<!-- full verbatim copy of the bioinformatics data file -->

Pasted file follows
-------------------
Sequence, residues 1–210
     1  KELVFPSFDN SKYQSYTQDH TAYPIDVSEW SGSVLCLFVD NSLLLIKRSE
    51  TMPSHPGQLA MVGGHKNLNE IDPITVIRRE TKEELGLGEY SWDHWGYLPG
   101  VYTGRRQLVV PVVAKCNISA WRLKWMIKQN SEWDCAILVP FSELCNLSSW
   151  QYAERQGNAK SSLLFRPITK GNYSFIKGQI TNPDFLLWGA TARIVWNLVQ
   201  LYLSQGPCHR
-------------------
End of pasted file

Sequence, residues 1–210
     1  KELVFPSFDN SKYQSYTQDH TAYPIDVSEW SGSVLCLFVD NSLLLIKRSE
    51  TMPSHPGQLA MVGGHKNLNE IDPITVIRRE TKEELGLGEY SWDHWGYLPG
   101  VYTGRRQLVV PVVAKCNISA WRLKWMIKQN SEWDCAILVP FSELCNLSSW
   151  QYAERQGNAK SSLLFRPITK GNYSFIKGQI TNPDFLLWGA TARIVWNLVQ
   201  LYLSQGPCHR